Bill O'Reilly eBooks
Twelve years now, and counting. That's how long The Factor, with Bill O'Reilly, has been the number one cable news show. It's a long, hard race, and an ever growing number of wannabe competitors has crowded onto the track these last dozen years. But thanks to some 5 million of you cheering us on nightly, once again we lead the pack.
Bill has a crowded life. In addition to The Factor, there's this official website to oversee, expand, and improve. There are weekly opinion columns to deliver to more than 300 newspapers. Plenty of personal appearances with Factor family members like Glenn Beck and Dennis Miller. And books to write.
Take the books: After five non-fiction volumes and a deeply personal memoir called A Bold Fresh Piece Of Humanity, Bill (working with historian Martin Dugard) most recently wrote and released Killing Lincoln. In Newsweek, an article by Peter Boyer said it marked "a bold, even fresh, literary turn." Killing Lincoln is indeed real, and it's riveting. A factual, historical thriller, designed to keep you moving through page after page. No one should have been surprised by this literary turn from Bill. After all, it's history. And Bill studied history, taught it in high school, for years has surrounded himself with historical artifacts, and The Factor takes a clear-eyed look at history-in-the-making every night. The book, the teaching, the interest, the show—all of it delivered in Bill's unique "No Spin" way. It's always been his commitment to you.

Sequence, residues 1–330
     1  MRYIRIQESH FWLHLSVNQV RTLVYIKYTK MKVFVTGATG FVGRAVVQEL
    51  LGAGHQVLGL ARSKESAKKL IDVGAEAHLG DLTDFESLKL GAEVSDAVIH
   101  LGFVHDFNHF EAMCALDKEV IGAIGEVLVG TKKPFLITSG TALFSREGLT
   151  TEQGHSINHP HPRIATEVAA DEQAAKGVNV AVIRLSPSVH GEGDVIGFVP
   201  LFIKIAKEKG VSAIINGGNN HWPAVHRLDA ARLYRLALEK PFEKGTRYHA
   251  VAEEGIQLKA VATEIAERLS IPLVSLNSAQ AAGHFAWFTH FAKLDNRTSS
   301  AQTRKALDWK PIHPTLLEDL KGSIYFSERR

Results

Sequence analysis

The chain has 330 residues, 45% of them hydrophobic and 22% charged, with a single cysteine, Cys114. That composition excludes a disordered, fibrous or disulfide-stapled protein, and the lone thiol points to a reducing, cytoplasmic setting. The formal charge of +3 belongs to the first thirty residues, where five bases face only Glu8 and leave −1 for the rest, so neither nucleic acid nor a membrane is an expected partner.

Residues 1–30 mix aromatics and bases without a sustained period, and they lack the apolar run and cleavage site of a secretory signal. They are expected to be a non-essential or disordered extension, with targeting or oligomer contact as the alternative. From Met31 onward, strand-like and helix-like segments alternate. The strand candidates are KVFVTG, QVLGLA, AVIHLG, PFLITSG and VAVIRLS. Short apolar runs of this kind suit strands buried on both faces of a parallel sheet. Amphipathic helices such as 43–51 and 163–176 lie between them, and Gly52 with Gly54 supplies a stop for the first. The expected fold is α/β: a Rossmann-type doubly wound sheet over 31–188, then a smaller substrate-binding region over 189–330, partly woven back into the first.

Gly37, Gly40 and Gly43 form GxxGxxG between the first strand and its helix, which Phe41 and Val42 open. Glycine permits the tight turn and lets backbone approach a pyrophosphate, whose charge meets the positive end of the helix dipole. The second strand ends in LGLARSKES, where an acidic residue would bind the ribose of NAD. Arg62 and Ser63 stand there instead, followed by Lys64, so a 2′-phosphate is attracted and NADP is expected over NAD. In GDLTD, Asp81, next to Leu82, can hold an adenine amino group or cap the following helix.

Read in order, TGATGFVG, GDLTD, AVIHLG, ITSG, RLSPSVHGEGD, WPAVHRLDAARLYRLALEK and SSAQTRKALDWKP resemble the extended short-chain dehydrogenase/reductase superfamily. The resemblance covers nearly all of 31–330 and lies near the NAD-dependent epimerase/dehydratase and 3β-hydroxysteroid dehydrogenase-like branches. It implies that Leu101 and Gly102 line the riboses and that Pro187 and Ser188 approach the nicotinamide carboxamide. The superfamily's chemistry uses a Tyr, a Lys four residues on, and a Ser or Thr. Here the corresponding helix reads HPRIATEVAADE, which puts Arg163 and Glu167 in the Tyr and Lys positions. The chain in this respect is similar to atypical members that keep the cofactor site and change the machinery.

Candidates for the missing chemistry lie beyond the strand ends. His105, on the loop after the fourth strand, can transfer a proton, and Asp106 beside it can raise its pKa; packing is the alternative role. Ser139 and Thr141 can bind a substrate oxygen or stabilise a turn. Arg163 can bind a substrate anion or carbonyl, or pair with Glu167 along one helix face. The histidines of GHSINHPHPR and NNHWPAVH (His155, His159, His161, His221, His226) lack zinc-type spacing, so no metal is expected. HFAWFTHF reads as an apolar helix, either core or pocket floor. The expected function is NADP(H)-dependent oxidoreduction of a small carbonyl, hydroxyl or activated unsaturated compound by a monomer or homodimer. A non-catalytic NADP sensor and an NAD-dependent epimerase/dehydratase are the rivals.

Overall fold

Bill's beginnings are well known. A childhood on Long Island. BA (in history) from Marist College, a Master's in Broadcast Journalism from Boston University, and a second Master's degree in Public Administration from Harvard's Kennedy School of Government. There have been many awards and honors along the way, as well. But the biggest reward is from you—when you watch The Factor, read the column or books, or come here to enjoy BillOReilly.com.
Of course, the race isn't over; Bill isn't taking a victory lap just yet. There's still plenty of ground to cover, and O'Reilly isn't slowing down, or looking over his shoulder. Only ahead. Though he still takes brief naps when he can.